|I plan on pulling up my 15-yr old pyracantha which is located outside in front of the chimney (gas fireplace) and want to replace with another shrub/tree that can tolerate northern exposure and clayish soil and will grow tall and not too wide.
|It sounds as though you can train a vine up the chimney. If so, here are a few suggestions:
Honeysuckle (Lonicera) need support when they are first starting out, but are generally profuse bloomers. Hardiness and flowering vary greatly with the variety you choose. Great for hummingbirds.
Trumpet vine (Distictus buccinatoria) flowers best in full sun but will bloom in partial shade. It is hardy to 24 degrees F.and needs yearly pruning to keep it under control. It blooms sporadically with warming weather.
Virgin's Bower (Clematis paniculata) is very hardy climber from the Orient that will reach 30 feet. White, fragrant flowers in August and September.
Dutchman's Pipe (Aristolochia littoralis) has a very unique 'calico' flower and is evergreen and hardy to 25 degrees F and root hardy to below 20 degrees F.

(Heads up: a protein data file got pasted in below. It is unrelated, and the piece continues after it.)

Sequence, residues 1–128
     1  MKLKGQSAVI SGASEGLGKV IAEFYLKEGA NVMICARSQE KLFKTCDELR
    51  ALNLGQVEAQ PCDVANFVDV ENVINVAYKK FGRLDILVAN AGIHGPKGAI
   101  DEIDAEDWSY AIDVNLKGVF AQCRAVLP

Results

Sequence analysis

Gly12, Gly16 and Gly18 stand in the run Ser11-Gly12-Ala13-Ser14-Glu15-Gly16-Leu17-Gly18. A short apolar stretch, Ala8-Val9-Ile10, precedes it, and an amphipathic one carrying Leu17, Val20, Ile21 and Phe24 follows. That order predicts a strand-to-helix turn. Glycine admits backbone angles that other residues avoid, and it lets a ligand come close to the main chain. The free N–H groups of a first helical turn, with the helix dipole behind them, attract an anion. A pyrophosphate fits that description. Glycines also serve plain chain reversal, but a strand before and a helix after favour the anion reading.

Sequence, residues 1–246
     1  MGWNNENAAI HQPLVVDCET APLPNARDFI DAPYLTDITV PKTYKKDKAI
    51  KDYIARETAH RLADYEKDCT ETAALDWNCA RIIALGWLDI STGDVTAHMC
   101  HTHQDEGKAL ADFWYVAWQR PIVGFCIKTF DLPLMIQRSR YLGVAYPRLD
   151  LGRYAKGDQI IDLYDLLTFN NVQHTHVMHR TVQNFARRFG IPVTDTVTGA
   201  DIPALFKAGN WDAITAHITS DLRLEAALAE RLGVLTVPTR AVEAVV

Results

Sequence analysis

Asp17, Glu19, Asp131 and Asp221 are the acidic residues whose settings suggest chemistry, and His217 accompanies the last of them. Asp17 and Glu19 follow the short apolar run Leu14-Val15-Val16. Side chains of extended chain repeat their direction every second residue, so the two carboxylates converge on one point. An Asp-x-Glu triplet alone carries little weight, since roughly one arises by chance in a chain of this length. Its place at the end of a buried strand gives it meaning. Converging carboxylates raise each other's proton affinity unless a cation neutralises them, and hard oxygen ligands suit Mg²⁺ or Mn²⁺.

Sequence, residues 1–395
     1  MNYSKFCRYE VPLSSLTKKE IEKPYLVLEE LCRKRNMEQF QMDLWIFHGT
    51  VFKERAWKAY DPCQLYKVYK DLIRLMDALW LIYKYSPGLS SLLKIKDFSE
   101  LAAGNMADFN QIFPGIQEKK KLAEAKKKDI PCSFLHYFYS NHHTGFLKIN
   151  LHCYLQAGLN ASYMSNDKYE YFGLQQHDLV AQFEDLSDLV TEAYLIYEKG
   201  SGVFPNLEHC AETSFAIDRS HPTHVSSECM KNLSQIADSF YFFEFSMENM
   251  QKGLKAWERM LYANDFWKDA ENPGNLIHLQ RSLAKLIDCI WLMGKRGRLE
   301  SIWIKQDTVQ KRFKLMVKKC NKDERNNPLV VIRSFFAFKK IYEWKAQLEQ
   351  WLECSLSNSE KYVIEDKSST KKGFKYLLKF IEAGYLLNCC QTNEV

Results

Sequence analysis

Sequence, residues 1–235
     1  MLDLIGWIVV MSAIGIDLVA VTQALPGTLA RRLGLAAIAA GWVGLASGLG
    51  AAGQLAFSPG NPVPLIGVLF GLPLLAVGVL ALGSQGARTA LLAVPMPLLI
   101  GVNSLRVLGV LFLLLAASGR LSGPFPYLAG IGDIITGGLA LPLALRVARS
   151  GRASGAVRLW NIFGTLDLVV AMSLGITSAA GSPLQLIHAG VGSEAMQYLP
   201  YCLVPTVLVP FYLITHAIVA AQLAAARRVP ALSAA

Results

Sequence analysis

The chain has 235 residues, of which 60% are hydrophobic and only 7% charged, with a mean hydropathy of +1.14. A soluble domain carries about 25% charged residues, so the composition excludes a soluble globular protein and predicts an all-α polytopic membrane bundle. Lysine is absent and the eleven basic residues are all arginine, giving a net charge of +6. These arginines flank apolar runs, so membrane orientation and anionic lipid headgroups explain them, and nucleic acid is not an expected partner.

'Mme. Galen' Trumpet Creeper (Campsis x tagliabuana) has bright orange flowers and is hardy to below 0?F.
You might also consider climbing hydrangea. Hydrangea anomala petiolaris is one of the best of the ornamental vines and useful because it will grow and flower even in a northern exposure. This is a large heavy vine that requires a very sturdy support. Reddish brown, peeling bark is attractive in the winter. This plant starts out slow, but can become a vigorous grower in 3-4 years. Plan to prune it back annually so it won't overtake the area.
If vines aren't what you had in mind, how about planting columnar evergreens such as Arborvitae? These maintain a 2-3' width and grow upright to 15 feet.
Hope one of these suggestions appeals to you!